Gillespie, Tarleton. 2010. The Politics of Platforms. New Media and Society 12 (3): 347–364.

Global Times. 2010. The Real Stake in Free Flow of Information. January 22.

Goldman, David. 2010. How Google plays the angles in Washington. CNN Money. Accessed March 30, 2011.

Goodale, Gloria. 2011. Hillary Clinton champions Internet freedom, but cautions on WikiLeaks. The Christian Science Monitor. February 15. Accessed March 25, 2011.

Google. 2012. Facts about Google’s acquisition of Motorola. Accessed March 29, 2012.

Grewal, David. 2008. Network Power: the social dynamics of globalization. New Haven: Yale University Press.

Guback, Thomas. 1984. International Circulation of U.S. Theatrical Films and Television Programming. In World Communications: A Handbook, edited by George Gerbner and Marsha Siefert, 155–156. New York: Longman.

Hardt, Michael and Antonio Negri. 2000. Empire. Cambridge, MA: Harvard University Press.

Hargittai, Eszter. 2008. Whose Space? Differences among Users and Non-Users of Social Network Sites. Journal of Computer-Mediated Communication 13: 276–297.

Harrison, Scott. 2007. Lenin on Imperialism. Accessed March 1, 2012.

Harshé, Rajen. 1997. Twentieth century imperialism: Shifting contours and changing conceptions. New Delhi: Sage.

Harvey, David. 2003. The New Imperialism. New York: Oxford University Press.

Harvey, David. 2005. A Brief History of Neoliberalism. New York: Oxford University Press.

Harvey, David. 2007. In What Ways is the New Imperialism Realty New. Historical Materialism 15 (3): 57–70.

Hoegg, Roman, Robert Martignoni, Miriam Meckel, and Katarina Stanoevska-Slabeva. 2006. Overview of business models for Web 2.0 communities Proceedings of GeNeMe 2006. Jin, Dal Yong. forthcoming. Critic

Jin, Dal Yong. forthcoming. Critical Analysis of User Commodities as Free Labor in Social Networking Sites: A Case Study of Cyworld. Continuum: Journal of Media and Cultural Studies.

Jin, Dal Yong. 2007. Reinterpretation of Cultural Imperialism: Emerging Domestic Market vs. Continuing U.S. Dominance. Media, Culture and Society 29 (5): 753–771.

Kamasnack. 2012. Nov 2012 update. Search engine market share. Accessed November 17, 2012.

La Monica, Paul. 2012. Baidu: Is China’s Google better than Google? CNN Money. February 13. Accessed November 17, 2012.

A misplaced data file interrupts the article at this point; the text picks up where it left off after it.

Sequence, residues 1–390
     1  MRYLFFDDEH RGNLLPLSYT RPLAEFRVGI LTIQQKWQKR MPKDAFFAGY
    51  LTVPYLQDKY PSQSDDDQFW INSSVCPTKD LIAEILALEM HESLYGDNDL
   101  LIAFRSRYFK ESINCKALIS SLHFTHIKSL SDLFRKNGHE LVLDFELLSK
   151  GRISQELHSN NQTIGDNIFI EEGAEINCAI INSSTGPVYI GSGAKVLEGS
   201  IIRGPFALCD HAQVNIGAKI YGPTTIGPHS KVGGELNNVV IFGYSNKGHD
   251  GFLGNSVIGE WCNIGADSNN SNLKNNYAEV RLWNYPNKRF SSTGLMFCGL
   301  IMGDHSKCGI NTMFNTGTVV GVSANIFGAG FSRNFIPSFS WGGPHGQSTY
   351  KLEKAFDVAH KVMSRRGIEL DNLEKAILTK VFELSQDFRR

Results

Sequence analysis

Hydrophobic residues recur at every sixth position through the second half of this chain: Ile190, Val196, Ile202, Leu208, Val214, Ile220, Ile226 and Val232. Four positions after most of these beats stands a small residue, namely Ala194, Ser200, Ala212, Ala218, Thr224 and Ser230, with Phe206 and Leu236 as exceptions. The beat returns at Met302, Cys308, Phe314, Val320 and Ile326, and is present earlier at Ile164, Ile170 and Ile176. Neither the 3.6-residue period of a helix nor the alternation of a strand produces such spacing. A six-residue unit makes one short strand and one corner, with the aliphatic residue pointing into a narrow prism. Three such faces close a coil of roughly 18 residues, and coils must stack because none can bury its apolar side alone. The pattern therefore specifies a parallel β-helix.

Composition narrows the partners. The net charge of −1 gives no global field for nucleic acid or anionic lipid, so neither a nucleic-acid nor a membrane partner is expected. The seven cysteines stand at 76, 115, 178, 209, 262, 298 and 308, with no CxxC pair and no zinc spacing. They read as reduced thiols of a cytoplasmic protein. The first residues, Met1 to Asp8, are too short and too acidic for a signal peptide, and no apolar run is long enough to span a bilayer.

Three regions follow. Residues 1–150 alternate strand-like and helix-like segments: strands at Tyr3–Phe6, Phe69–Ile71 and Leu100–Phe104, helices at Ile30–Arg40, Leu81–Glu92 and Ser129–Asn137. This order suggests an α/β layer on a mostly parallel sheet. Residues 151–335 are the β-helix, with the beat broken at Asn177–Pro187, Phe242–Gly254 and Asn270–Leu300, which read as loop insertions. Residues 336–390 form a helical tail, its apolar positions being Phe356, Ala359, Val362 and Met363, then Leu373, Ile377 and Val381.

Lau, Justin. 2010. Baidu profits from Google’s China woes, Financial Times. July 22. Accessed November 1, 2011.

Lee, Micky. 2010. Revisiting the ‘Google in China’ Question from a Political Economic Perspective. China Media Research 6 (2):15–24.

Lenin, Vladimir. 1917. Imperialism, the Highest Stage of Capitalism. In Essential Works of Lenin, 177–270. New York: Dover.

Lenin, Vladimir. 1964. State and Revolution. Vol. 25.

Liodakis, George. 2003. The New Stage of Capitalist Development and the Prospects of Globalization. Paper presented for the Conference: Economics for the Future Cambridge. 17–19 September, 2003.

LiveInternet. 2012. Report from Search Engines. Accessed November 25, 2012.;period=week.

Lu, Jia and Ian Weber. 2009. Internet Software Piracy in China: a user analysis of resistance to global software copyright enforcement. Journal of International and Intercultural Communication 2 (4): 296–317.

Magder, Ted. 2004. Transnational Media, International Trade and the Ideal of Cultural Diversity. Continuum: Journal of Media and Cultural Studies 18 (3): 385–402.

Marx, Karl. 1867. Capital. Volume I. London: Penguin.

Maurais, Jacques. 2003. Towards a New Linguistic Order. In Languages in a Globalizing World, edited by Jacques Maurais and Michael Morris, 13–36. Cambridge: Cambridge University Press.

McGirt, Ellen. 2007. Facebook’s Mark Zuckerberg: hacker, dropout, CEO. Accessed September 17, 2012.